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Research News at Vanderbilt

Top 10 research stories of 2013

by | Posted on Monday, Dec. 23, 2013 — 12:00 AM

The most popular Vanderbilt research stories of 2013 plumbed mysteries of the brain, examined complex social phenomena, shed light on dark matter, uncovered a surprising link among our three greatest health threats and more.

10. World’s smallest droplets

drop of water, ripples

(iStock)

Physicist Julia Velkovska and colleagues at the Large Hadron Collider have created the smallest droplets—only the size of three to five protons—ever made in the lab. “With this discovery, we seem to be seeing the very origin of collective [flow-like] behavior,” said Velkovska.

9. Tracking gunfire with a smartphone

Shooter and phone screen

Vanderbilt computer scientists have developed a smartphone-based system for identifying the location where gunshots are fired. (Courtesy of ISIS)

Akos Ledeczi and Kenneth Pence with Vanderbilt’s Institute for Software Integrated Systems have created a simple, inexpensive way to turn an Android smartphone into a sniper locator—something that currently requires a dedicated array of sensors mounted on military vehicles.

8. Women with elite education opting out of full-time careers

(iStock)

Joni Hersch, Vanderbilt 2012/13 FedEx Research Professor, professor of law and economics, and professor of management, found that female graduates of elite undergraduate universities are working much fewer hours than their counterparts from less selective institutions and that moms with elite MBAs work the least of all.

7. Circadian clock linked to obesity, diabetes and heart attacks

(iStock)

Biologist Carl Johnson and molecular physiologists and biophysicists Owen McGuinness and David Wasserman found that the body’s production and use of insulin are closely linked to the sleep-wake cycle, meaning that when you eat is just as important as what you eat.

6. The trouble with car title loans is NOT people losing their cars

A title loan store in Nashville, Tenn. (Joe Howell/Vanderbilt)

Most people who object to the car title loan business cite the risk that an already vulnerable person could lose what may be their only means of transportation to work. But law professor Paige Marta Skiba found that car repossession is not as much of a problem as many believe, saying it causes only about 1.5 percent of borrowers to lose their jobs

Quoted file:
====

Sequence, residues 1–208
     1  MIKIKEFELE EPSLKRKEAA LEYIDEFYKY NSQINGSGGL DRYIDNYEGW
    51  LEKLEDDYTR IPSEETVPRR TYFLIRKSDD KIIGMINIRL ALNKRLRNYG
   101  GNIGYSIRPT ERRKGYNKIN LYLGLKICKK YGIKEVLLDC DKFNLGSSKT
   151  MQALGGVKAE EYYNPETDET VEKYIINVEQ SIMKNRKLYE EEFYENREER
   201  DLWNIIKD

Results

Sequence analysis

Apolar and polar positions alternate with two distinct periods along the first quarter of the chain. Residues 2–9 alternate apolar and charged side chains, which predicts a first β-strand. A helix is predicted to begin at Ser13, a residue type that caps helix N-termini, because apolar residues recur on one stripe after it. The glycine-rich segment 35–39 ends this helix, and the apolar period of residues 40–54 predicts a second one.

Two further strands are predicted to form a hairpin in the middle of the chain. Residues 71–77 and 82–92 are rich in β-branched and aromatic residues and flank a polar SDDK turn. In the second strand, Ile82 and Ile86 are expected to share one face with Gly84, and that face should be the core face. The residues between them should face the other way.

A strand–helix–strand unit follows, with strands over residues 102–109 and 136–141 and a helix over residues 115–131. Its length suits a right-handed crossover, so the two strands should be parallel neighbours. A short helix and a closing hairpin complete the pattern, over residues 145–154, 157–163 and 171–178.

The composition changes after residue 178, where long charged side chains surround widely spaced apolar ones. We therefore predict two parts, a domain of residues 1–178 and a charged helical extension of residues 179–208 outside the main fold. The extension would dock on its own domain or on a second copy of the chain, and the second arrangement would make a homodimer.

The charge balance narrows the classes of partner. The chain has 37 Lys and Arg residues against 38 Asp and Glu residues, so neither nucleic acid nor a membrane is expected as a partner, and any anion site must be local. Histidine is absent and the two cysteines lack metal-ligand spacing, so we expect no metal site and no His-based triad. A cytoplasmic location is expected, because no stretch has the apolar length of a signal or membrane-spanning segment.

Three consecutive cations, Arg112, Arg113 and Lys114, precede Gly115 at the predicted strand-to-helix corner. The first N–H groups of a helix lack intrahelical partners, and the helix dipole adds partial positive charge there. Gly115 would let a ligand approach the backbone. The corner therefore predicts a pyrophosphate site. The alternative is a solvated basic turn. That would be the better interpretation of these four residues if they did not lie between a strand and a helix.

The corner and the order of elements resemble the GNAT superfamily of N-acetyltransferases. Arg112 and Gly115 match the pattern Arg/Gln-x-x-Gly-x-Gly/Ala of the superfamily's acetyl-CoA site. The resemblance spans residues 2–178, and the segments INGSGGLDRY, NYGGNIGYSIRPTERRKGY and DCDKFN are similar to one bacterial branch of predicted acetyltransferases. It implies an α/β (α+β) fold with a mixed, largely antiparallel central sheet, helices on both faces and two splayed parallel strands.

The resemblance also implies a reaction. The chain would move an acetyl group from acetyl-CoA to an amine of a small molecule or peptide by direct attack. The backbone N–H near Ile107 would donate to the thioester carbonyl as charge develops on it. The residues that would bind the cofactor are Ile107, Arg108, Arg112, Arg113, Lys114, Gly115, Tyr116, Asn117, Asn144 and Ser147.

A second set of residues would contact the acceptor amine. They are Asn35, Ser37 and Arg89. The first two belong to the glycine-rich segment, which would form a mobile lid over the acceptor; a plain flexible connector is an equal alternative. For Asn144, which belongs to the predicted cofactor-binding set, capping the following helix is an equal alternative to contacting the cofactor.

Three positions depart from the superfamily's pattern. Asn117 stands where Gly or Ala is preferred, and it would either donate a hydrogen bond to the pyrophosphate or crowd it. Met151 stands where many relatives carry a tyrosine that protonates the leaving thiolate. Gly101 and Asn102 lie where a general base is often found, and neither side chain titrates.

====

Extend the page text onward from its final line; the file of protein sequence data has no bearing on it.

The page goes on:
5. New device stores electricity on silicon chips

Assistant Professor Cary Pint (Joe Howell / Vanderbilt)

Mechanical engineer Cary Pint has designed a silicon-based supercapacitor that can charge and discharge in minutes, instead of hours, and operates for a few million cycles, instead of a few thousand cycles like batteries. This could one day lead to solar cells that can produce electricity at night, and cell phone batteries that charge in minutes.

4. Evidence moles can smell in stereo

Mole Smell Vanderbilt

The eastern mole Scalopus aquaticus (Kenneth Catania, Wikipedia Commons)

Biologist Kenneth Catania has discovered that moles can actually smell in stereo, the same way humans can see and hear in stereo. The moles, which are blind and have a poor sense of touch, use their sensitive schnozzes to quickly and accurately locate food. The findings suggest other animals that rely highly on their sense of smell, like pigs and dogs, may have similar abilities.

3. Even in the dark, brain “sees” its own body’s movement

subject demonstrates eye tracking device

Many people have the ability to vaguely "see" the motion of their own body in complete darkness due to the connection between our brain's motion senses and our visual senses. (J. Adam Fenster / University of Rochester)

Psychologist Randolph Blake, graduate student Keven Dieter and collaborators at the University of Rochester discovered that a person’s eyes track the movement of his or her own hand, even in total darkness. The researchers surmise that the motor signals sent by the brain to initiate the movement also communicate with the visual pathways, creating a kind of self-generated illusion.

2. New, simple theory may explain mysterious dark matter

Abell Galaxy cluster

Abell 520 is a gigantic merger of galaxy clusters located 2.4 billion light years away. It appears to have left behind a large clump of dark matter. (Space Telescope Science Institute)

Physicist Robert Scherrer and graduate student Chiu Man Ho propose that dark matter, an invisible form of matter that makes up 85 percent of the all the matter in the universe, may be made out of a basic subatomic particle with a rare type of electromagnetic field that explains why it is so difficult to detect.

1. Study gives new meaning to ‘let your fingers do the walking’

typing on computer keyboard

(Joe Howell / Vanderbilt)

Cognitive psychologist Gordon Logan, graduate student Kristy Snyder, research analyst Jana Ulrich and collaborators at Kobe University have discovered that skilled touch typists have a surprisingly difficult time matching letters to their corresponding keys, suggesting that typing is actually an unconscious act like riding a bike.

Contact:
Liz Entman, (615) 322-NEWS
Liz.entman@vanderbilt.edu


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